A related conclusion is that, as Fish has suggested in rebuttal of Dworkin, judges pervasively operate within a practice within which their ways seem natural, almost inevitable, rather than operating by means of, for example, observing a case and a proposed decision ‘from outside’, from where an independent governing theory (endowed with Dworkinian ‘articulate consistency’) can be used to weigh or measure the instant case and ‘derive’ a judgement. Judicial decision-making does not seem to be a practice that judges can step outside of, anymore than we can usefully analyze language from outside it. One of the reigning metaphors of jurisprudence is the scales of justice, and the striking of a balance; the metaphor of striking a balance often seems as close as judges can get to explaining what is meant by something being reasonable. And it is surely significant that in the balance metaphor, various disparate circumstantial considerations are not weighed against any absolute measuring device, to be found of the correct weight or incorrect by virtue or underweight or overweight. In fact, the web of considerations is not weighed at all, but simply or not-so-simply balanced, with no resulting measurement or correctness; and the balancing of one factor is entirely in terms of countervailing factors, with no logical place for any external or ‘third way’ commentary or evaluation. In legal balance-striking, there are only opposites with no positive terms.

The interpretive disputes surrounding appropriation, dishonesty, and owner’s consent in the definition of theft will surely rumble on. Following Pepper v Hart and European practices, purposive interpretation and Parliamentary referencing are likely to grow. Such referencing is, in some respects, an unravelling of codification, like an online dictionary where every entry has hotlinks to further explicatory material, itself likely to be amended or deleted over time. At the same time allowing referencing entails a slight diminution of the appeal lords’ autonomy and powers of construction; some will complain that the rule of law loses some ground not to Parliamentary sovereignty, but to the rule of ministers and commissions. Whether the majority of law lords in a theft case will ever allow referencing of the kind that Lord Lowry and Professor J. Smith would welcome is doubtful (the Act has been being applied for over thirty years now, and criminal law is rather different from tax law).

As I hope I have made clear, my own view is that the notion of ‘lack of informed consent’ should be routinely treated as part of the s.1(1) definition of theft, which could be achieved either by statutory amendment, or by a ratio such as Lord Lowry’s in Gomez, in which he declares the notion an entailment of appropriation, coming to express the majority law lords’ view. But it is in the nature of the situation that no irrefutable logical argument, no appeal to code or system, can be advanced in support of this proposal. Like all legal and communicative determinations, it is a situated and provisional one, my current best effort at integrating a host of diverse factors, including but not limited to treating the 1968 Act as congruent but no copy of the 1916 Act, distinguishing s.1 theft from s.15 deception (where owner’s consent is no defence), maintaining where possible a congruence between the statutory language and everyday discourse about theft, attempting to maintain, thereby, the possibility that ordinary members of the community will understand the rules by which their behaviour is constrained, failing which the rule of law falters, and so on and so forth.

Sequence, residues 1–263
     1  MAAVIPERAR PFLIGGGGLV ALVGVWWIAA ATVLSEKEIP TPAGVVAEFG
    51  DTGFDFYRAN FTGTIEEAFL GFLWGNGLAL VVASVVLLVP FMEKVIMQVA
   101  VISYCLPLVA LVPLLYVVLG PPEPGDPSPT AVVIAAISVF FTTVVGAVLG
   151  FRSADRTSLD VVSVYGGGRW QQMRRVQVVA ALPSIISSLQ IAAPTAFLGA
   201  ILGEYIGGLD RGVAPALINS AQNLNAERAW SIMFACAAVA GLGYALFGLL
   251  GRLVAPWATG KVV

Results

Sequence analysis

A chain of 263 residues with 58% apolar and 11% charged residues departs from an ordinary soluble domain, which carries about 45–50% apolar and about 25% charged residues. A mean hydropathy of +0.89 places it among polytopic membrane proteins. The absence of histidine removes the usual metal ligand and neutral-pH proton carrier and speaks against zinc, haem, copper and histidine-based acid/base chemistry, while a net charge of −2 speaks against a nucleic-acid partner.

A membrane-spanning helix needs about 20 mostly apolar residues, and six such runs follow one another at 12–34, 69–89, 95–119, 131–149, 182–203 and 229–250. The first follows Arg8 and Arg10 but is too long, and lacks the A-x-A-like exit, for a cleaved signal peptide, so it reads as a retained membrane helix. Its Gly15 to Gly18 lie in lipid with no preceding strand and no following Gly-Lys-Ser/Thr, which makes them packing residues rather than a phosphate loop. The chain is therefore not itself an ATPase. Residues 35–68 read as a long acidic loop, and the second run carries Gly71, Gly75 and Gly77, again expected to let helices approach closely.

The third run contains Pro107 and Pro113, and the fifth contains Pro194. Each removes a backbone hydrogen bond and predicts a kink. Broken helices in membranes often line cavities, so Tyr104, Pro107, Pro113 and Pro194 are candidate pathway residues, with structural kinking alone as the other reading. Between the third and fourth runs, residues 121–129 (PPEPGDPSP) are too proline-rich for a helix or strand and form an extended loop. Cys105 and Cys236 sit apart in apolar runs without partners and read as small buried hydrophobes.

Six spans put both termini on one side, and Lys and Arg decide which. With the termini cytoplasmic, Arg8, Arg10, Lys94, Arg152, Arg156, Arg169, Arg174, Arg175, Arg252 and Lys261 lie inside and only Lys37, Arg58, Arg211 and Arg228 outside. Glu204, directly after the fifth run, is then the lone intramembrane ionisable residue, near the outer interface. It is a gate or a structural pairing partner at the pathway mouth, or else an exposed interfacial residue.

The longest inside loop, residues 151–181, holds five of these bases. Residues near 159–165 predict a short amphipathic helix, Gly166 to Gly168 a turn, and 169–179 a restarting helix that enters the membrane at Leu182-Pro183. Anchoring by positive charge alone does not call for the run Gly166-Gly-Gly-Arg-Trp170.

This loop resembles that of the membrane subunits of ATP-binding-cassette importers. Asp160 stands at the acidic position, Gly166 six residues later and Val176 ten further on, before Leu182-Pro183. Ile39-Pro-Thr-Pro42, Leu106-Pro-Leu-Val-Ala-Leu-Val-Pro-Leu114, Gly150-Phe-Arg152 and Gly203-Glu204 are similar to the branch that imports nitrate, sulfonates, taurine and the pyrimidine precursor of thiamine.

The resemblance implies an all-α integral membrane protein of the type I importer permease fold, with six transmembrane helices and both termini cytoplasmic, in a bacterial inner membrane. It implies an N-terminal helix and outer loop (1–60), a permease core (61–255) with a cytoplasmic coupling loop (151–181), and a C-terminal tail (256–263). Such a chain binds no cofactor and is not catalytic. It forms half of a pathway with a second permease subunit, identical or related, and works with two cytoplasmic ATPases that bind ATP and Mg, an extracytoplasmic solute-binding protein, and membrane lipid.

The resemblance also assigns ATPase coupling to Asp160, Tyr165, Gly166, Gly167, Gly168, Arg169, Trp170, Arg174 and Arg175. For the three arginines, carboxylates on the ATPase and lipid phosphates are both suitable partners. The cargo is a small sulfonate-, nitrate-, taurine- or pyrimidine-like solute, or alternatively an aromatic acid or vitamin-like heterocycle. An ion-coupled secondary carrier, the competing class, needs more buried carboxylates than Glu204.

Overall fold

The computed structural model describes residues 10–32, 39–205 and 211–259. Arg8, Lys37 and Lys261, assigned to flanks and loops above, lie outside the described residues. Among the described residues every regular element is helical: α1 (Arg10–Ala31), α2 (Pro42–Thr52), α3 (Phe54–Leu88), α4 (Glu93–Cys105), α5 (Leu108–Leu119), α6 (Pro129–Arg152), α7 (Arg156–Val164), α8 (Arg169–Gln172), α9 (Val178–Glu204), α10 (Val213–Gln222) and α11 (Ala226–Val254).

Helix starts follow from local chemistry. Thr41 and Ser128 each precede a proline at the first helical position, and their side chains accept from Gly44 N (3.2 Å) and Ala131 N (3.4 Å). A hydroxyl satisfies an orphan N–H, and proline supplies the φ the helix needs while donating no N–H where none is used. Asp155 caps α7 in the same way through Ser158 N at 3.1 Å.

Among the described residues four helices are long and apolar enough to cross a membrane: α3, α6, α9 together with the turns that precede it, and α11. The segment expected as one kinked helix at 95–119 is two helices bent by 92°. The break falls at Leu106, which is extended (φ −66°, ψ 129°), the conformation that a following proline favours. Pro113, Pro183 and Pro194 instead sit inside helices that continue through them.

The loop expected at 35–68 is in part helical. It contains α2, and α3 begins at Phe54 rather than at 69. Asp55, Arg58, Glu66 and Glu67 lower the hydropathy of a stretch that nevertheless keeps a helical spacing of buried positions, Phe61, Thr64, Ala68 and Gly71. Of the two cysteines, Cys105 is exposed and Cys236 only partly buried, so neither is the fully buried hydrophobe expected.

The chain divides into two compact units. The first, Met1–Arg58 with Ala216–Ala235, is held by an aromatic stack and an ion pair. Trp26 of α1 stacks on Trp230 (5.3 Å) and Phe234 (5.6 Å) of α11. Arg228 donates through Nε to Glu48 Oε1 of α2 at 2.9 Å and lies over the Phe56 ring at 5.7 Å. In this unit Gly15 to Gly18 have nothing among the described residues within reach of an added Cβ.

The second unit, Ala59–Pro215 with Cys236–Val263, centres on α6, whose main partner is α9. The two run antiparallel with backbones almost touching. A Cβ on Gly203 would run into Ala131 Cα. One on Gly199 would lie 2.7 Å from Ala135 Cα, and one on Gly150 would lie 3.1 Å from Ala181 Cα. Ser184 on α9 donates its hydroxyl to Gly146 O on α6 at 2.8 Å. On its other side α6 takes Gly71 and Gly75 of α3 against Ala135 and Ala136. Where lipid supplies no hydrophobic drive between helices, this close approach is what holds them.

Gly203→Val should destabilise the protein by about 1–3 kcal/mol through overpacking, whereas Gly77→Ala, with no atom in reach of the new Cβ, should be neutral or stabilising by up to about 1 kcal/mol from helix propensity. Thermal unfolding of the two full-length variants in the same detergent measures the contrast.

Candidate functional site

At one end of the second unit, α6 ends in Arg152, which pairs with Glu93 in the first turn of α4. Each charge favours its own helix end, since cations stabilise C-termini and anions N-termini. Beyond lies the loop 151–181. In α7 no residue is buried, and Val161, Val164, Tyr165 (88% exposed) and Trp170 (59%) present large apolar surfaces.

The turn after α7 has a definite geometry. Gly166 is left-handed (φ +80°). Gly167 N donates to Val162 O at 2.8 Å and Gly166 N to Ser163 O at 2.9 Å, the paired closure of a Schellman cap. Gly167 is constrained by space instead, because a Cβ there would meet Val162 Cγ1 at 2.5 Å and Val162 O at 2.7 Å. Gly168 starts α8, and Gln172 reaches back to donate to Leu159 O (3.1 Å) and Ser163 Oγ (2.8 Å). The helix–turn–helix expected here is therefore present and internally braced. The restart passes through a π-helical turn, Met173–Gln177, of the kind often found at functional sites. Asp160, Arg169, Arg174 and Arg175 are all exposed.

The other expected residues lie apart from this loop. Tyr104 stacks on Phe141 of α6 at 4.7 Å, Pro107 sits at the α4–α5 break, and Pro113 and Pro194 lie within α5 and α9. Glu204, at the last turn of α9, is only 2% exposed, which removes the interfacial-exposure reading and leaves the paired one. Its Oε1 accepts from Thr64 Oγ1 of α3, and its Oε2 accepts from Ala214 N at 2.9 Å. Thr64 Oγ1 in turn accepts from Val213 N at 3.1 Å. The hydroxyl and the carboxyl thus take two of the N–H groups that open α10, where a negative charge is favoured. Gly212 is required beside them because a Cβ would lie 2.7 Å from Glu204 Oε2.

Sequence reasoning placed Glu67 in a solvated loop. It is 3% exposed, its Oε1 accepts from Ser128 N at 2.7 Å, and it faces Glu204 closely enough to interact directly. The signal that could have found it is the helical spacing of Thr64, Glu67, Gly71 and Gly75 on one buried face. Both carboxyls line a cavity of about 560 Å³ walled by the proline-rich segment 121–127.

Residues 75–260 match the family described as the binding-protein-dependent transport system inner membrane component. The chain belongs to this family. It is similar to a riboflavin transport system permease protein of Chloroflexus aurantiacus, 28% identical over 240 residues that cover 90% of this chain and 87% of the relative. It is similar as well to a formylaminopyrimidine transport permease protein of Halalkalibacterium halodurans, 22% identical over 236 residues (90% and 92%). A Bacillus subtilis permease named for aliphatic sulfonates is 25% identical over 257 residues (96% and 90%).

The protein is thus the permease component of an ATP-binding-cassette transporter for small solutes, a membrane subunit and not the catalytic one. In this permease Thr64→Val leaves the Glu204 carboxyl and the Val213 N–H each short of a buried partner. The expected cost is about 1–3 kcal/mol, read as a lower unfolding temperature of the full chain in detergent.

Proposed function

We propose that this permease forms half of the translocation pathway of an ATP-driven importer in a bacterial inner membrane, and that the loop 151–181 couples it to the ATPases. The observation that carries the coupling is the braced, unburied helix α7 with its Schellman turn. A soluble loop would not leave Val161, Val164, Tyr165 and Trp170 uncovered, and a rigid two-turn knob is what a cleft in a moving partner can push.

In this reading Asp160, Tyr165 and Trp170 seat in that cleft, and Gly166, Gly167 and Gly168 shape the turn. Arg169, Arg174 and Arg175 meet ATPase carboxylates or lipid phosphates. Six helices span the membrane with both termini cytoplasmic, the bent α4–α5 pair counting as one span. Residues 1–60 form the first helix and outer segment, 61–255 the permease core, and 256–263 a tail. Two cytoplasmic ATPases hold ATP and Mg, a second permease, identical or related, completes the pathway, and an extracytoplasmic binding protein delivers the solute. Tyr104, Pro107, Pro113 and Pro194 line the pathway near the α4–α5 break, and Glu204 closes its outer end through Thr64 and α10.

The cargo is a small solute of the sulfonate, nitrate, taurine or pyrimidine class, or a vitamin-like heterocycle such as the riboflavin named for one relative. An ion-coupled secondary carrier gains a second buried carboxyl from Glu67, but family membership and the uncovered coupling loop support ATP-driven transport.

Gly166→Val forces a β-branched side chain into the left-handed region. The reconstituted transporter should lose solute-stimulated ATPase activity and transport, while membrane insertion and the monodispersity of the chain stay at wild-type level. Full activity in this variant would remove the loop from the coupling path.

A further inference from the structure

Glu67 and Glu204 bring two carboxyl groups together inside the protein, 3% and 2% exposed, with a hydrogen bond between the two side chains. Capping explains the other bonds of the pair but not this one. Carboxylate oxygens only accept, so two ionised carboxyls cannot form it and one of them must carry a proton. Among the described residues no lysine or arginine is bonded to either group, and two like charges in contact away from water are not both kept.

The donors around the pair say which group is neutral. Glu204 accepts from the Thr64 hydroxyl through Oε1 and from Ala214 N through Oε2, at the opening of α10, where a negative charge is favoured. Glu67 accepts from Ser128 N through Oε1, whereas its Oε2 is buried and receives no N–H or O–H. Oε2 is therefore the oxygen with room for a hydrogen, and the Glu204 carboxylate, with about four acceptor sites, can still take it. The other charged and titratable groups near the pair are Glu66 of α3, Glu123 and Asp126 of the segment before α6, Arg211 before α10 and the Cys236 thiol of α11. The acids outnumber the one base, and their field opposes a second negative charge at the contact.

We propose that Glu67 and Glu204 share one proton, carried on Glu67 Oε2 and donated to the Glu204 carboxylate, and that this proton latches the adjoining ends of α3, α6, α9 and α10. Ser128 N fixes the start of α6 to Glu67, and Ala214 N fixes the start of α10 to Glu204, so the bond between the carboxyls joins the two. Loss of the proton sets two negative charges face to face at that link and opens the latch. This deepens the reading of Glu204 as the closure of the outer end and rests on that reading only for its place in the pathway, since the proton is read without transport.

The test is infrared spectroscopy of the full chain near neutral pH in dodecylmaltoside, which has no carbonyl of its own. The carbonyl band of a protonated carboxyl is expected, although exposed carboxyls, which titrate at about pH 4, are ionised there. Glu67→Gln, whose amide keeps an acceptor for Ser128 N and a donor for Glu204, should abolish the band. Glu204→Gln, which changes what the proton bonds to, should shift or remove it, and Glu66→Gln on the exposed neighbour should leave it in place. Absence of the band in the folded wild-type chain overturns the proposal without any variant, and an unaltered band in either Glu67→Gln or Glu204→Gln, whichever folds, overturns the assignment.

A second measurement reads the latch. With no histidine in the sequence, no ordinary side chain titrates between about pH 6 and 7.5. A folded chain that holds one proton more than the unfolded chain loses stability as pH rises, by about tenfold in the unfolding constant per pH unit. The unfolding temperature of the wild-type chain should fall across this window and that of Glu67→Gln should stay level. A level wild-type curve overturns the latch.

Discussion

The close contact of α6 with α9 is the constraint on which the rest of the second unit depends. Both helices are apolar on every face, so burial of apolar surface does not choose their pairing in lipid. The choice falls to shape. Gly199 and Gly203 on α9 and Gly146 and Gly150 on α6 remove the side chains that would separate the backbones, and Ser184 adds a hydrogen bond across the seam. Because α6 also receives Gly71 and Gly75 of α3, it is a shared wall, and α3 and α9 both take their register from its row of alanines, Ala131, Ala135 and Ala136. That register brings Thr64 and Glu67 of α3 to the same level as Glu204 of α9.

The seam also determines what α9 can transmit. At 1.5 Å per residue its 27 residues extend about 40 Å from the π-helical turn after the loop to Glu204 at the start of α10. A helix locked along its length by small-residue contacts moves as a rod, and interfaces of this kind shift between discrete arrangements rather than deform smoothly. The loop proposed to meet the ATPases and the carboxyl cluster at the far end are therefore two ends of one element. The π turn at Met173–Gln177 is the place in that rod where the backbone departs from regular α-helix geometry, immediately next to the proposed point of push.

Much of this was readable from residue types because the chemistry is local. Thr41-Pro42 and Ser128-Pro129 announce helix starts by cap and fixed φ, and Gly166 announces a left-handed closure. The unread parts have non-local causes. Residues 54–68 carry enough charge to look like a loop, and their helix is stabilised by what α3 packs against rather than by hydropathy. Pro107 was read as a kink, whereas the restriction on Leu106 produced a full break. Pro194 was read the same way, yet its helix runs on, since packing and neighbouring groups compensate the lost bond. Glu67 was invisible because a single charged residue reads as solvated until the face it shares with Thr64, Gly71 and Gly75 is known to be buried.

So there are no permanently right answers in the law, even in relation to something so seemingly fundamentally straightforward as theft. And the law lords are all integrationists, even where they imply otherwise. In practice they adopt or disregard dictionaries and commissions and certain words of statutes and clarifications by government ministers as they see fit, mindful of the very real pressures of the instant case, which is always potentially distinguishable. A prior decision of the law lords is binding, but only until a later Lords’ decision revises the law. And quite what the binding ratio decidendi of a case is always remains open to revision. In law as in linguistic communication, past codifications constrain a present meaningful interaction only insofar as those involved in the present interaction allow them to. In the law as in language, integrationism underpins communicational change; and in so doing, it equally underpins sociocultural change.